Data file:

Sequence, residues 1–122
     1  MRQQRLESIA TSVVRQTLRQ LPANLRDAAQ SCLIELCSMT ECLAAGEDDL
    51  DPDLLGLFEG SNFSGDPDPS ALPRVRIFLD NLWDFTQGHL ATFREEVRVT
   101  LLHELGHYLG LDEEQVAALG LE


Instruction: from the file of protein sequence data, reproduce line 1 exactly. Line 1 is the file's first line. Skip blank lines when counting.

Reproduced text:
Sequence, residues 1–122